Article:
The Court emphasizes that this is a very narrow decision. It intimates no view as to whether petitioner should be released or on what terms, as those are matters entirely for the executive branch in the first instance and subject thereafter only to limited review by the courts. Nor does it pass on the question whether the independent decision maker must conduct a testimonial hearing. It holds only that the petitioner is entitled to have his application for release pending the resolution of his deportation proceedings determined by a decision maker independent of the INS. In consequence, it has entered an order providing that petitioner is entitled to have his application heard by such a decision maker on or before a date certain, absent which he must be released. As this fully disposes of the petition, the Clerk is directed to close the file.



[1] 8 U.S.C. § 1182(c).

[2] Pub.L. 104-132, 110 Stat. 1214 (1996).

[3] Matter of Soriano, Int. Dec. No. 3289, 1996 WL 426888, 1997 WL 159795 (A.G. Feb. 21, 1997).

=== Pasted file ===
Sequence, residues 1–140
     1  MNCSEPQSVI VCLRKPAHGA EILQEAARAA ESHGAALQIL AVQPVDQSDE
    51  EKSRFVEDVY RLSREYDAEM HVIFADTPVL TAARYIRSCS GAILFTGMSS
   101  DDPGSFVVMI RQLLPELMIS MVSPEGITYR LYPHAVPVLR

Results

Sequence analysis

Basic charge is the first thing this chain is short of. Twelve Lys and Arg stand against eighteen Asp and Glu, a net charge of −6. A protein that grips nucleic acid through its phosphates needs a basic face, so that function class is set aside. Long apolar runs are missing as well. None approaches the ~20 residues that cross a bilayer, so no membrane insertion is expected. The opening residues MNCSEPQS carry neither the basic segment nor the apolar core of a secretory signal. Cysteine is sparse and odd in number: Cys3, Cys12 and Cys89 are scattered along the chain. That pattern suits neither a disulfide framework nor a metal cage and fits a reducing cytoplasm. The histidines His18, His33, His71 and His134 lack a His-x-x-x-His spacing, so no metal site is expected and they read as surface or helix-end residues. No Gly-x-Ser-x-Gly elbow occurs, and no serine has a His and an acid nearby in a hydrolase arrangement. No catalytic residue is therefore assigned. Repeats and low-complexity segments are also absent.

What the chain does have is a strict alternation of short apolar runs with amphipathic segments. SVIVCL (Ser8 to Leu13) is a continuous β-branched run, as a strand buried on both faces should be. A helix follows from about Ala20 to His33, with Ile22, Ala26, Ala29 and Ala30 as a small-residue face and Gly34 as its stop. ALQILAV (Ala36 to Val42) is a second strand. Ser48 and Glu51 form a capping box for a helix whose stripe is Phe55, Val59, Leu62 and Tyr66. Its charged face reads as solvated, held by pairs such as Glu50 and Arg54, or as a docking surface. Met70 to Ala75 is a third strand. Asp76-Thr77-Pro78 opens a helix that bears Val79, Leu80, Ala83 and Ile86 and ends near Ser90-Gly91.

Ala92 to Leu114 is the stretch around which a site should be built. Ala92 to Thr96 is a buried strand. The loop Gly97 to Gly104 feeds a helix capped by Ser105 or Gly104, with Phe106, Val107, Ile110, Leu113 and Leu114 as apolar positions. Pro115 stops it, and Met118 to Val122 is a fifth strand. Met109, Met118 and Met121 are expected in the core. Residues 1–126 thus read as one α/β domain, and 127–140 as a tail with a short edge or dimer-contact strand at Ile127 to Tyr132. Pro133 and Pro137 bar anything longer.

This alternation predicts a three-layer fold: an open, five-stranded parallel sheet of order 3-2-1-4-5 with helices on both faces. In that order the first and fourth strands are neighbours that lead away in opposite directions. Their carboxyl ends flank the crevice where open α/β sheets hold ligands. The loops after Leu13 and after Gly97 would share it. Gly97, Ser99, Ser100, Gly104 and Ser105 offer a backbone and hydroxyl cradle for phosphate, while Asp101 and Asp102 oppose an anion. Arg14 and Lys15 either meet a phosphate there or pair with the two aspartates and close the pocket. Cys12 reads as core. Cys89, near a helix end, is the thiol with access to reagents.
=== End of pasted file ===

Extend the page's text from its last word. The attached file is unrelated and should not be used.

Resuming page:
[4] No. 97-4050.

[5] The TPCR were triggered on October 9, 1996 for a one year period when the INS Commissioner, acting on behalf of the Attorney General, notified Congress of the Attorney General's intention to invoke the rules. See Matter of Noble, Int. Dec. 330 1, 1997 WL 61453 (BIA 1997). They were reinvoked for an additional year, and now are in effect until October 1998. See 74 Int.Rel. 1552 (Oct. 10, 1997).

[6] Pub.L. 104-208, Div. C, Title III, § 303(b), 110 Stat. 3009-587 (1996), reprinted following 8 U.S.C.A. § 1226 (1997 Supp.).

[7] 8 C.F.R. § 236.1(d) (Mar. 6, 1997). References to regulations dated March 6, 1997 are to those provisions promulgated to implement changes in the Act made by the Illegal Immigration Reform and Immigrant Responsibility Act of 1996, Pub.L. No. 104-208, Div. C, Title III-A, 110 Stat. 3009 (Sept. 30, 1996). The regulations were published in the Federal Register on March 6, 1997. See 62 Fed.Reg. 10312, 1997 WL 93131 (Mar. 6, 1997).

[8] See Hazzard v. INS, 951 F.2d 435, 440 n. 4 (1st Cir. 1991); Rivera v. INS, 791 F.2d 1202, 1205 (5th Cir.1986); see also United States ex rel. Accardi v. Shaughnessy, 347 U.S. 260, 266, 74 S. Ct. 499, 98 L.Ed. 681(1954).

[9] See, e.g., Salazar v. Reich, 940 F. Supp. 96, 98 (S.D.N.Y.1996).

[10] Id. at 99 (citing United States v. LaVallee, 312 F.2d 308, 309 (2d Cir.1963)).